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According to Carol Dweck, an American psychologist, a growth mindset is when students understand that their abilities can be further developed. People with a growth mindset believe that they can always improve, catch up or be as talented as those with inborn talent, according to her. Students with a growth mindset constantly work to enhance their skills, which leads to more growth and success. People with a growth mindset trust that their most basic abilities can be developed via dedication and hard work, whereas intelligence and talent are only the starting point. This mindset fosters a passion for learning as well as the perseverance required for great success.

Here are some ideas for parents to help their children develop a growth mindset.

1. Accept Mistakes as Part of Learning Journey

One of the most efficient ways to instil a growth mindset in your children is to be open about your mistakes and what you have learned from them. Convey your own mistakes and struggles to them in a positive way, for them to understand that learning involves risks and mistakes. Parents should also encourage children to accept failure as part and parcel of life and emphasise the importance of play in developing a growth mindset. Failure allows children to reflect on their processes to see what worked and what did not, which helps them identify different strategies to tackle the problem at hand.

2. Encourage Positive Self-Talk.

Positive self-talk empowers children to reframe their thoughts, develop resilience and build self-esteem. At the same time, it is also an effective mechanism to help them develop a positive outlook on life, identify their strengths, instil self-confidence, empower them to handle obstacles and provides them with the courage to set goals and pursue their dreams. While it’s common for children to have negative thoughts, it’s vital for parents to teach them to recognise that they are thinking or saying negative things about themselves, and then help them engage in positive self-talk. In order to demonstrate what positive self-talk is like, parents should model it first by brainstorming with them on the different ways of approaching a challenging situation.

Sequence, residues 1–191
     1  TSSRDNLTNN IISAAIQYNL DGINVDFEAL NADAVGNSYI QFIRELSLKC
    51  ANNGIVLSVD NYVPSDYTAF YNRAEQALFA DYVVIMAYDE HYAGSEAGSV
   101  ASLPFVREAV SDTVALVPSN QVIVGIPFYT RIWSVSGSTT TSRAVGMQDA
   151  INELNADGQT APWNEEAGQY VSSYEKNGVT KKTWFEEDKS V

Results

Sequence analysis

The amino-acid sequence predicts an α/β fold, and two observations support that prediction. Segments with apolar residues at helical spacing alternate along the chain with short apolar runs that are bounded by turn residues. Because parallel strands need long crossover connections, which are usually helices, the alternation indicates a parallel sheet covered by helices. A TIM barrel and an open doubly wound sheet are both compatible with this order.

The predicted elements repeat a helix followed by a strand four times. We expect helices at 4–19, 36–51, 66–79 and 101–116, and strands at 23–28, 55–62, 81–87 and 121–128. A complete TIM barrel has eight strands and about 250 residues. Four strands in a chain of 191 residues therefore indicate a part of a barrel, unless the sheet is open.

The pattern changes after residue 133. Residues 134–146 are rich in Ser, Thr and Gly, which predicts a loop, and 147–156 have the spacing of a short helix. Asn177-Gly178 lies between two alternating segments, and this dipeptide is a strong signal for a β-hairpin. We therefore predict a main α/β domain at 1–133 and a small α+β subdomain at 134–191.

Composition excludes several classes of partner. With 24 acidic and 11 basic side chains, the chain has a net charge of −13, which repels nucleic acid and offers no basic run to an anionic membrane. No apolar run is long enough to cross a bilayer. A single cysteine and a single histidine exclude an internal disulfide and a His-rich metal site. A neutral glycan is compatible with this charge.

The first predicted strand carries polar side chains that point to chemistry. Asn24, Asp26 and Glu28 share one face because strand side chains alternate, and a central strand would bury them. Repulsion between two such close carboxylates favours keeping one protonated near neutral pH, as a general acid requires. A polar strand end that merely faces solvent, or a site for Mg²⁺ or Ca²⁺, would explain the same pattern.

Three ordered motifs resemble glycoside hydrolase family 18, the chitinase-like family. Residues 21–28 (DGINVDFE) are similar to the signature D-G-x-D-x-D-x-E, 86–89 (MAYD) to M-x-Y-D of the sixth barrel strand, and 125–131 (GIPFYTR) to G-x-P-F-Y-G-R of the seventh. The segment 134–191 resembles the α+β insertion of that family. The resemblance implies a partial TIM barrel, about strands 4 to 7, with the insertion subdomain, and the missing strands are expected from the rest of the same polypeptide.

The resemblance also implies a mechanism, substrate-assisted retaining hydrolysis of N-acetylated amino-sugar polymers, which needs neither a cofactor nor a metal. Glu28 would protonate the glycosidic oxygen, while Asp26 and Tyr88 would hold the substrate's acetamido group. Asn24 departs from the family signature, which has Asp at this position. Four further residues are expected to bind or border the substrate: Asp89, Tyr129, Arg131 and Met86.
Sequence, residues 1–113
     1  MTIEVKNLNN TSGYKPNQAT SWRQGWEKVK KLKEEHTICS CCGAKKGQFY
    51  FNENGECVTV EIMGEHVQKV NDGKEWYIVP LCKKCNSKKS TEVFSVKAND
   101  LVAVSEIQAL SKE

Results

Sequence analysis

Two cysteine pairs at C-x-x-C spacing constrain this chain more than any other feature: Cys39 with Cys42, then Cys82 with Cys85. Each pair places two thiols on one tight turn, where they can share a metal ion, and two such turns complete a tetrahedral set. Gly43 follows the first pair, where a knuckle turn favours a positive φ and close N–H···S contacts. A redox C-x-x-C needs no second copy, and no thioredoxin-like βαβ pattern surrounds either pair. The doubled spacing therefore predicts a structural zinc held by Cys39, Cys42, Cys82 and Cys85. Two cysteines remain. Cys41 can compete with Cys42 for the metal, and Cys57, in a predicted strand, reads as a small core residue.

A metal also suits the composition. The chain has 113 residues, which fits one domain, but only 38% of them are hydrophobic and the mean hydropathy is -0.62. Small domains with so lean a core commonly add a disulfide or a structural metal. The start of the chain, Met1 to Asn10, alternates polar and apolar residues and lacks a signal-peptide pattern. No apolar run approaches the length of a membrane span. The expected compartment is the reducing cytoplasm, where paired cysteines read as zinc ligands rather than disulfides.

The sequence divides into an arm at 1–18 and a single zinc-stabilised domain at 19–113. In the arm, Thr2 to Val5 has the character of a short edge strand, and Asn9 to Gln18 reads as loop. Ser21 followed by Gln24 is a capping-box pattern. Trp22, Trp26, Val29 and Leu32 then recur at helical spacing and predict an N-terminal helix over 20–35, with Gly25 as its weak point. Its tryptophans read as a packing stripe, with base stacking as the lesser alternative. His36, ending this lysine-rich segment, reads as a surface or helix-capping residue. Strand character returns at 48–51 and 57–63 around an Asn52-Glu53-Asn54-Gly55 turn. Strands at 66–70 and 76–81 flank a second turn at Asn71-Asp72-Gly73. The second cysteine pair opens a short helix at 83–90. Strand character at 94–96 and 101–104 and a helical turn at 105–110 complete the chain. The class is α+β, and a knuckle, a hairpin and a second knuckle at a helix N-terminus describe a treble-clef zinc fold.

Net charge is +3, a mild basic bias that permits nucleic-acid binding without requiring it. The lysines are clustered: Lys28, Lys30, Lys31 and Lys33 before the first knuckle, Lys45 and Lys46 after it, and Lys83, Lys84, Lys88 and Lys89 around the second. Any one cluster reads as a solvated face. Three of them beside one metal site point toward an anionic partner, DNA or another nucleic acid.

3. Praise the process

When parents praise their children for being smart, it sends a message that their inborn talent is the reason for their success, not their effort or the learning process. Many parents believe that praising their children how smart and talented they are would help them feel better about themselves. However, research conducted by Dweck revealed that when we praise children for who they are instead of for what they do, they tend to develop a fixed mindset. They are also more prone to experiencing low self-esteem when they’re faced with an obstacle. Instead of saying things like “You’re so smart!”, you should praise their process, which refers to the effort and strategies they use to get the job done. You can say, “You’ve been working all day on your project. Keep up the good work!”. When parents praise their children’s processes, children learn to value hard work and effort and are more likely to develop a growth mindset.

Establishing a growth mindset in your child is all about allowing your child to make mistakes, praising efforts over results and always encouraging them to grow, learn and strive to be their best selves. The triumphant look in your child’s eyes as they master a seemingly impossible challenge is priceless. Helping your child to develop a growth mindset now will set the stage for a life filled with curiosity, bravery and resilience.